Isaiah 12:1-6: Worshiping the Lord in Spirit and Truth

Fresh Water (610x351)How should Christians worship? Many are the wounds over this issue within our lifetimes. Long before that, however, even 700 years before Christ, the prophet Isaiah points us in the right way.

Our Old-Testament reading for today comes right before the prophet speaks of the Messiah’s coming and His kingdom of peace and righteousness. People assemble from all over the world by the preached Word of the Gospel. Then Isaiah tells us: “You will say on that day: I thank you, Lord.”



On that day, when the Word of God first comes to you, making you a believer and heir of salvation, you then praise and thank God. All Christians experience this. Later, when your intellect better understands the gift of faith, a sense of your sinfulness also grows deeper.

Fear enters every Christian’s life when he realizes he is too evil to earn salvation and only deserves God’s anger. Your gut even constricts into a tighter knot when you realize such a horrible, eternal reality won’t undo your sins.

The life-giving Gospel, however, is different. “Though you [God] were angry with me, your anger turned away.” God now saves me into eternity. He turns His anger away from me. Where did His anger go? For God earlier directed it at me! Why would He even direct His anger somewhere else?

The answer, of course, is in Christ Jesus, the Son of God. He became flesh; in my place, He stood to receive God’s anger. Jesus, the Shepherd, lays down His life so the sheep can escape and live. Jesus diverted the anger of God to Himself, changing God’s disposition toward us.

Isaiah continues: “you [God] comforted me.” Because of Christ, God’s righteous anger is no longer burning against you—but you still need more. God wants you to be unshakable, knowing His anger at you is no more. He comforts you with this reality through His Word, with the Gospel.

God’s Word comes to us and declares that He forgives and accepts us. Your slate is now clean, and you need not fear anything, for you are now His adopted child. In baptism, God washes you clean of your guilt. Just as you cannot bring about your physical birth, you likewise cannot bring about your spiritual birth. “Unless one is BORN of water and Spirit, he cannot enter the kingdom of God” (John 3:5).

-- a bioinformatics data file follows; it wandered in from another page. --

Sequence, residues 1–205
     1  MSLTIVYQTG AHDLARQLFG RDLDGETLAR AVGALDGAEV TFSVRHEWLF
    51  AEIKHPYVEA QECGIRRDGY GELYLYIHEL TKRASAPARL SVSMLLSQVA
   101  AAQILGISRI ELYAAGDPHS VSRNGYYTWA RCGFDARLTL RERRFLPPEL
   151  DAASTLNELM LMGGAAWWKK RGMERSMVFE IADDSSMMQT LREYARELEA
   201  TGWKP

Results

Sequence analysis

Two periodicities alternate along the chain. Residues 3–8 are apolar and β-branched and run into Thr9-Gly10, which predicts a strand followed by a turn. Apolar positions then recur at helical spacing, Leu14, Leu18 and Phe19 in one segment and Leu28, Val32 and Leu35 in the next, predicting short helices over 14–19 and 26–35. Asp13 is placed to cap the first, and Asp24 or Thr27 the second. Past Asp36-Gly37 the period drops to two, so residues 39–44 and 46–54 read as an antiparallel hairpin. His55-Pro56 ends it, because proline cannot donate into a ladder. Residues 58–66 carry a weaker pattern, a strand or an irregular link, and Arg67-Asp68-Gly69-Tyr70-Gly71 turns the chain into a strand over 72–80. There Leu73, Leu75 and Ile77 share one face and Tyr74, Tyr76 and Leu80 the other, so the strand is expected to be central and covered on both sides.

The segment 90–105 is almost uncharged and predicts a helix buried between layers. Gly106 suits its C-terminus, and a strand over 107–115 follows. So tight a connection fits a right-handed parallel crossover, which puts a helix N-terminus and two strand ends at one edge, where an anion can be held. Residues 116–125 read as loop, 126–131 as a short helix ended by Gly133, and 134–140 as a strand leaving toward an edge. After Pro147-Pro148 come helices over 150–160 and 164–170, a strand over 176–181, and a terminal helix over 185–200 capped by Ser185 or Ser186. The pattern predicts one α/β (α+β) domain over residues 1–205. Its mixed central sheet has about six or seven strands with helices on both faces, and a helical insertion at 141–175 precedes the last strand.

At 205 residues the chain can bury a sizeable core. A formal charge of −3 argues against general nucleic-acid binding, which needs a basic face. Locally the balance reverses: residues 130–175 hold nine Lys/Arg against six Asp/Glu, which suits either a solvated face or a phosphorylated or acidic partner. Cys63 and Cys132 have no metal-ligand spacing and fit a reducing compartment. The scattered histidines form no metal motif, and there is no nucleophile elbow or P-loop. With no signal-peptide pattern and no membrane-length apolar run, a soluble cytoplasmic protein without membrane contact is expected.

In the Lord’s Supper, Jesus gives you His body and blood. You need real food to stay alive after your physical birth. So also do you need spiritual food to remain alive. Baptism is your birth from above (John3:3). Jesus’ body and blood, His life-giving meal, is His food for you, as He also spoke. “Unless you eat the flesh of the Son of Man and drink his blood, you have no life in you” (John 6:53).

God gives us spiritual birth where only death once ruled (Ephesians 2:1, Colossians 2:13). Later, when desperation comes to suffocate, when you feel lost and afraid, our Lord’s preached Word enters your ears. He also feeds you in His Supper, strengthening you in body and soul, giving you God’s mercy. Word and Sacrament are at the core of Christian worship.

We praise God, but not only because He is our Creator. God as the creator doesn’t move us, sinful beings that we are, to bow before Him in spirit and truth. Creation is not the most significant act of God. The greatest work of God is Him redeeming us.

So the word from Isaiah proclaims: “God is my salvation; I will trust and not be afraid. For the Lord is my strength and my song, and he has become my salvation.” Now, you can trust in Him—He is your salvation and strength. He is even your song, as He should be. For only He saves you from your sins.

What would happen if God held your sins against you? How then could you sing of anything? How could any part of life not fill you with terror? Consider the thoughts of your heart, your lust, temper, or pride. They all threaten you because each sin points you to your deserved, eternal wrath. Knowing this, the book of Proverbs tells us: Even “the wicked flee [from God] when no one is chasing them” (Proverbs 28:1). In Christ, God holds no sin against you; you can “trust and not be afraid.”

What are we doing when we worship the Lord? We praise and thank Him because He frees us from fear, the most frightening being the fear of eternal wrath and death. In our worship of God, we are grateful to Him, not only for the Gospel but also for confronting us with His unmovable Law. For His Law directs us to His mercy and grace.